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Star Trek: The Next Generation: Season Four

Star Trek: The Next Generation boxed sets:

  • Season One
  • Season Two
  • Season Three
  • Season Five
  • Season Six
  • Season Seven

  • Well, we finally got that over with. No more groping about trying to find the new Star Trek "style." No more plodding scripts built on ideas that were clichés even before the first episode of Next Generation aired. Thanks in large part to new head writer Michael Piller, at last the writers and actors could feel comfortable giving their characters interesting things to do and say and be from week to week, unencumbered (mostly) by the starched hospital dryness of the first two seasons.

    If Season Three saw Star Trek: The Next Generation find its successful space legs, then Season Four proved that it could use those legs to walk confidently and do a little kick-step now and then. (How many series get the luxury of that much time to find their stride?) Some of the best episodes of the series' seven years premiered in Season Four, and many focused not on interstellar heroics and phaser battles (though we got plenty of that too), but on more personal territories that Star Trek old or new had rarely trod before — family. Suddenly in Season Four we're reminded that all of our major characters have relatives and backgrounds and intimate histories. Some fans back in 1990-91 grumbled that the show had replaced Space Opera with Soap Opera, and in a few episodes that feels true, but it's a welcome expansion into uncharted reaches, and one that carried on into Season Five and beyond.

    The season opens with the cliffhanger resolution to Season Three's rootin-tootin' Borgfest, "The Best of Both Worlds: Part 1." Regrettably, "BoBW" Part 2 falls far short of the grand theatrics of Part 1 and proves that even a great opening can succumb to ST:TNG's damnable reliance on easy, talky, drama-lite conclusions. But that's followed by one of the finest Trek hours of them all, "Family," which brings Picard, Worf, and company back to Earth (literally and figuratively) while keeping the science fictional content refreshingly well in the background. Reconnecting with the captain's bullying elder brother (the extraordinary Jeremy Kemp) in the French wine country village of his youth, Patrick Stewart shines as a man who must come to terms with his own humanity in a powerful, ultimately wistful story.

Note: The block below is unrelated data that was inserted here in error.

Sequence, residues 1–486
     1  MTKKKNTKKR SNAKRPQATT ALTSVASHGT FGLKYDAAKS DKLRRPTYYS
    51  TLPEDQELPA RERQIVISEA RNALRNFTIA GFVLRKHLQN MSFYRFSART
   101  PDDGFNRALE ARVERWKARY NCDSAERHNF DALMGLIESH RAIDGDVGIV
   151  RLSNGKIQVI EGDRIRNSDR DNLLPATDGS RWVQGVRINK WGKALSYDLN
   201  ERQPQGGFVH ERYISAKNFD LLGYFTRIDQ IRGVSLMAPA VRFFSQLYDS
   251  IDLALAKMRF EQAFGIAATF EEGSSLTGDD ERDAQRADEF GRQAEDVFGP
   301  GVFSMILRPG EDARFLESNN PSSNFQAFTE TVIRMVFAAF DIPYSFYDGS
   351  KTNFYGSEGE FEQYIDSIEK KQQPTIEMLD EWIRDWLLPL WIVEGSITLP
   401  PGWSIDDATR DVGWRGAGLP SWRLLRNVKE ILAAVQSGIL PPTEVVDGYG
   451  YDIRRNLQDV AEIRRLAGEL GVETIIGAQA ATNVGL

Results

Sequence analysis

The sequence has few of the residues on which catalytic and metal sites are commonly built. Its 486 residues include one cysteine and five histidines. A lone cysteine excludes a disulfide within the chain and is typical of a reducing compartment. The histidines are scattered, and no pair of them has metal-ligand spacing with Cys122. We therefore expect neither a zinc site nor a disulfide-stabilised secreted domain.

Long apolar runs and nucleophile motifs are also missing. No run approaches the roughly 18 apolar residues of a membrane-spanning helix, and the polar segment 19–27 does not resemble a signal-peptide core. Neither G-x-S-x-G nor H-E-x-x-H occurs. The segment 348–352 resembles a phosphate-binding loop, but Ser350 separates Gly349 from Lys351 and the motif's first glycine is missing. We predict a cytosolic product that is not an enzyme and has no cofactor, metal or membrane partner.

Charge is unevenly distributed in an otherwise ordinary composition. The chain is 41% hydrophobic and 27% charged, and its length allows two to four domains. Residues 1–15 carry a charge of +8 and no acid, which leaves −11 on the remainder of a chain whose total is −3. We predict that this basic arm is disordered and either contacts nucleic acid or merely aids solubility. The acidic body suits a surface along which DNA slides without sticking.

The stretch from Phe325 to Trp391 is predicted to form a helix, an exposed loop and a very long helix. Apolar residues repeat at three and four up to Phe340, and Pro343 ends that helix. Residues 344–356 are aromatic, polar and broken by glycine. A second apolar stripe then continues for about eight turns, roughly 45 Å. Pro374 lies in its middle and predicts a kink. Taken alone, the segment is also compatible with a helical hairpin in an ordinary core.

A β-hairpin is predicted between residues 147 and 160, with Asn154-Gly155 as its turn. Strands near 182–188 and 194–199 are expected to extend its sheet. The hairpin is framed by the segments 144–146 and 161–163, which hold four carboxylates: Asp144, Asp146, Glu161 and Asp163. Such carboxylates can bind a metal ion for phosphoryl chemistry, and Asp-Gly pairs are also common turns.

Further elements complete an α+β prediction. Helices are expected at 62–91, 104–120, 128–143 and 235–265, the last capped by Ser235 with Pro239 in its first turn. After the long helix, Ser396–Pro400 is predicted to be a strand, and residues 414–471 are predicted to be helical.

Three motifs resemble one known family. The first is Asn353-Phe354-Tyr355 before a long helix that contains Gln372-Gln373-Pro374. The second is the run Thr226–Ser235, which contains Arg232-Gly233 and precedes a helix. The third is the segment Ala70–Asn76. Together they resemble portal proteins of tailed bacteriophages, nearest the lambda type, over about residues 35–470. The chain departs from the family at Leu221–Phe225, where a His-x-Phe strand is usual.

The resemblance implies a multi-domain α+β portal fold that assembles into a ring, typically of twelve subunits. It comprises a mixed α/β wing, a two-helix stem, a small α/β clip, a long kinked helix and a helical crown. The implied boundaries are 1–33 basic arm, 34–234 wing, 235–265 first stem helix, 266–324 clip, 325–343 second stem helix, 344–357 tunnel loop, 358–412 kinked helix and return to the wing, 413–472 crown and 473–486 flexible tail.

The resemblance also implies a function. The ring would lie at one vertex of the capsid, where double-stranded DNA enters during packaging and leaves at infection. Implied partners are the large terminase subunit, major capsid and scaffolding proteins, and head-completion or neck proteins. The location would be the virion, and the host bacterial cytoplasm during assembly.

The next episode unites Data and his evil android twin and their creator, all three played well by Brent Spiner. "Reunion" begins a new Worf arc by introducing his son Alexander and killing the boy's mother (the returning Susie Plakson). "Legacy" even delivers the sister of Tasha Yar, dead three seasons now. Speaking of Tasha Yar, she and actress Denise Crosby return in the series' all-time most moronic "surprise" contract renewal for the season closer, "Redemption: Part 1."

    So here's another 26-episode season with its certified top-drawer standouts (add "Data's Day," "In Theory," and "First Contact" to that list), its share of idiotic or simply lazy duds ("Identity Crisis," "The Drumhead," "Night Terrors," "The Mind's Eye"), and a larger selection occupying various points between those extremes.

    A years-long story arc about a Klingon civil war plants its leather-clad boots in this season. The silly trifle "Qpid" brings back both the nigh-omnipotent Q (John DeLancie) and Picard's adventuress love interest, Vash (Jennifer Hetrick, who's splendid), and both are welcome. It's been a long time coming, but Wesley Crusher gets the heave-ho off the show in "Final Mission," at a time when the series was at last allowing the character to display real promise. While it seems that only guest-starring women ever got a fair shake, and still no one knows what to do with poor Marina Sirtis' Deanna Troi, this year gives Dr. Crusher (Gates McFadden) a spotlight in two good stories, the Twilight Zoneish "Remember Me" and one of the most thoughtful and progressive episodes, "The Host."